Can you paint on a wall with watercolor and have it last?
I decided to give it a try on a blank wall. In order for the watercolor paint to stay visible it needed to have a surface to adhere to. I first covered the entire wall with premixed joint compound from the hardware store, which is basically plaster. (Tip, if you get it in the contractors section it is about half the price they sell it for in the regular paint section) I applied it with a medium sized putty knife in a random splotches in all directions until the whole wall was covered. My intent was not only to give the wall a surface for the paint to bite but also to add a subtle, modern texture. I made sure not to leave any really thick areas, just enough to add light texture that paint could settle into. The idea was to make something sort of like a fresco but watercolor on dry plaster.
I had decided on a beach scene as this was in a bathroom. I made a quick, very light pencil sketch on my wall once the texture was completely dry. I decided it might be cool to built up some extra texture within a few areas of the design for added emphasis. I used the same joint compound, but this time I applied it with a small palette knife to control the shape. I could have done some fine detail and sanded it smooth, and may experiment with that in the future for a more sculptural design. Here though, I chose not to sand and to leave a rougher texture. I built up some waves, birds and clouds.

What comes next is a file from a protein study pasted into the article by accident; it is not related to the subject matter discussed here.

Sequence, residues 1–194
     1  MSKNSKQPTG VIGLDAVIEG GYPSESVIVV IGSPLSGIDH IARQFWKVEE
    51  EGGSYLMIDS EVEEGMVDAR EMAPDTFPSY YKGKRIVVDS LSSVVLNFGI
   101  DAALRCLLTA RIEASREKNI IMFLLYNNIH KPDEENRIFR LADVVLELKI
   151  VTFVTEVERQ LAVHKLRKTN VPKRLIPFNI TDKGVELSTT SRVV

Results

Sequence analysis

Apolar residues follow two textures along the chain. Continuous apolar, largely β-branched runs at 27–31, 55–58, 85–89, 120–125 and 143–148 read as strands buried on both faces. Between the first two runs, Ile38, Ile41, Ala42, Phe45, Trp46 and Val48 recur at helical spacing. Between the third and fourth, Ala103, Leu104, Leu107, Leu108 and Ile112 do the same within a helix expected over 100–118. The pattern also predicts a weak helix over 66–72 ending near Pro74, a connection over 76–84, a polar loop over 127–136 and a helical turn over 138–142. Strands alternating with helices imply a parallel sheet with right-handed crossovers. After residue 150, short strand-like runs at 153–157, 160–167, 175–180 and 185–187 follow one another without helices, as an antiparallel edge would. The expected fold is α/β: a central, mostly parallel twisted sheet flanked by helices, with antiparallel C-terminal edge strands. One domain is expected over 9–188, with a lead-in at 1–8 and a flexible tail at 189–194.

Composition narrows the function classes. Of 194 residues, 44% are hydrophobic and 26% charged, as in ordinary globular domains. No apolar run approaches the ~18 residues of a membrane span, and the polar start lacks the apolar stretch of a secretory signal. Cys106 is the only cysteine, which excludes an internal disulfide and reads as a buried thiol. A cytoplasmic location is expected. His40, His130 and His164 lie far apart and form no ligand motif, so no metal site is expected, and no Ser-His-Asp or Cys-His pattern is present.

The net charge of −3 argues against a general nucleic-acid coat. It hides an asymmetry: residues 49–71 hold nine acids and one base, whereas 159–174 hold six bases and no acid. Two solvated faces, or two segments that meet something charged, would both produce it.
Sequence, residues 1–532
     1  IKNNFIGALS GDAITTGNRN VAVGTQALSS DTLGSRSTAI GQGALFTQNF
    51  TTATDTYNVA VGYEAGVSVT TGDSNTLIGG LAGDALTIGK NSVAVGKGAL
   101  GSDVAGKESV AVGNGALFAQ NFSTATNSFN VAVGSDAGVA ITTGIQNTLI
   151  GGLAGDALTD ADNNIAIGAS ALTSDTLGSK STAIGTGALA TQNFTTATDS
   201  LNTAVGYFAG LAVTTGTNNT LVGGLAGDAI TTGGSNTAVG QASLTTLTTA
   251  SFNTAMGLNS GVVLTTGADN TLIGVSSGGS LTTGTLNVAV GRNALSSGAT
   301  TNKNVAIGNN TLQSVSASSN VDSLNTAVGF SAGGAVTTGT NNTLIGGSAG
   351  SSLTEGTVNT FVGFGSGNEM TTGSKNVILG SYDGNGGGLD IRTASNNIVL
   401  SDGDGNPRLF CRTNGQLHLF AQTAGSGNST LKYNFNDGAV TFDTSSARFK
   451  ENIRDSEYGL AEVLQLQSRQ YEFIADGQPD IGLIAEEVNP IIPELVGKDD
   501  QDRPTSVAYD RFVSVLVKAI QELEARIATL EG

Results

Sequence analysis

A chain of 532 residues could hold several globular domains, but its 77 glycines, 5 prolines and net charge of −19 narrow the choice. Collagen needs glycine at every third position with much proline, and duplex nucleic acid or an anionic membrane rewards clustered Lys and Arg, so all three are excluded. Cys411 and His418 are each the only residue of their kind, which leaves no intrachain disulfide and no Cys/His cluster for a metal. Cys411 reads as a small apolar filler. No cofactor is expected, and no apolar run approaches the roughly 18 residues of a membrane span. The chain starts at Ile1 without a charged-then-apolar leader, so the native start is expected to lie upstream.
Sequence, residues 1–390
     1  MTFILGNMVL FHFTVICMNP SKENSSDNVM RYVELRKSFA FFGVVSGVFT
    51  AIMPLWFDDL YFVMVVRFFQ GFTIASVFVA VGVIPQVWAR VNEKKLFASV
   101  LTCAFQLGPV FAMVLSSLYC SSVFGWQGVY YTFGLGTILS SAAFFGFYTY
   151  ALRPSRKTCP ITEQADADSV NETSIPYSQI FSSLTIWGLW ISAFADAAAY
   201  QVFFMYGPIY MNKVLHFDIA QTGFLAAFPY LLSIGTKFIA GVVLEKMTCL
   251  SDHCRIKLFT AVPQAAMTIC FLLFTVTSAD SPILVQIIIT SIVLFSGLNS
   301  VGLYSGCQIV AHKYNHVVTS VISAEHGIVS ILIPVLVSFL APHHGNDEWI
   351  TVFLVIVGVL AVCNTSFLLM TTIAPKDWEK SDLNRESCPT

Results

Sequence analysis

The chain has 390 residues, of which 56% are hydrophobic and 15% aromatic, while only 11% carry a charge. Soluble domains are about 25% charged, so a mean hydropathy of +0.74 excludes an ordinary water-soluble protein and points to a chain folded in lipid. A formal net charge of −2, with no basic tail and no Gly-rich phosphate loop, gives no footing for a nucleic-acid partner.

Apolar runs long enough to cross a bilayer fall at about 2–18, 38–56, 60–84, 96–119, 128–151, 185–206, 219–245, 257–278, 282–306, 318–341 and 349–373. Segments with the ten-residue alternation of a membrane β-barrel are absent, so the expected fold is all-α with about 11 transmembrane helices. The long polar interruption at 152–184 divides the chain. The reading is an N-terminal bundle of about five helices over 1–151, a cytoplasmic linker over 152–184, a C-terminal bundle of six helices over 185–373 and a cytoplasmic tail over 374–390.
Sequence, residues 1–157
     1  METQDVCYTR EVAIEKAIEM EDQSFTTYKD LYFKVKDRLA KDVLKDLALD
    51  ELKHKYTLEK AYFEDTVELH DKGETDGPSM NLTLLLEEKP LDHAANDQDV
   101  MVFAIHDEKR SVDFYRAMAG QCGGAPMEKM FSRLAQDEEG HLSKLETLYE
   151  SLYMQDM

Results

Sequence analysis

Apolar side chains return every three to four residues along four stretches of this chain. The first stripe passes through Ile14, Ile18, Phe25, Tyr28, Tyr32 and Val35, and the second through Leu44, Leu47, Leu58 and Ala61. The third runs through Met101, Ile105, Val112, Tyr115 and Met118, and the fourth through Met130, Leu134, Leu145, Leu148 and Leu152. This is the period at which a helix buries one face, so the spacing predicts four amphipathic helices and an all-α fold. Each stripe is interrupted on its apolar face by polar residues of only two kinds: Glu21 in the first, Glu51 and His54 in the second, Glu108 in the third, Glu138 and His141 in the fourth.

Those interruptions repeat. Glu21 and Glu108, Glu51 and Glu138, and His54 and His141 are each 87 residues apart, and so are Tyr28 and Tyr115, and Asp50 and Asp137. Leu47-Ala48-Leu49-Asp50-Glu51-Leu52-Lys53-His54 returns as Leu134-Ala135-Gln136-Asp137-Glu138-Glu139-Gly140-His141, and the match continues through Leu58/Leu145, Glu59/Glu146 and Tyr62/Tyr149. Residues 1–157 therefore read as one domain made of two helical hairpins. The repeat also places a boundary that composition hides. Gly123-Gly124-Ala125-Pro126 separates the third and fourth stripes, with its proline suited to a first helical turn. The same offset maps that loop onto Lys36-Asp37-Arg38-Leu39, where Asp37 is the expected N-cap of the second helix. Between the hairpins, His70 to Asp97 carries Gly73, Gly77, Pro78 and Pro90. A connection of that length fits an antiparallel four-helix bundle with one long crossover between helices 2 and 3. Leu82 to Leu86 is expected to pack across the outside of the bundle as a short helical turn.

Once all the compound was dry I started to paint with professional grade watercolors.
I laid in all the colors for my design, and as always watercolor dries lighter and usually requires quite a bit of layering to achieve stronger color.
While I did rather enjoy something about the blotchy look of the initial layers, the piece didn't quite have the feel I was envisioning. It seemed to chaotic. I wanted a bit smoother, more relaxing feel to it.
I added more layers, more color and more water as I went. In these subsequent layers, I did take a bit more care to blend edges for that smoother look. I painted in pretty much the same manner as I would have on paper, although for me it was freer and sloppier!
I did love the end result! To protect the piece, I decided to go in a little unconventional direction. I finished the wall with a thick coat of clear furniture wax. I brushed it on the whole wall. It is non-yellowing, quite protective and didn't disturb the paint at all. The wax dries/sets up pretty quickly. I used a soft cotton cloth to buff areas I wanted to highlight. It has held up wonderfully for 3 years so far with no sign of wear, fading, or yellowing. I am considering it a win for thinking outside the box!
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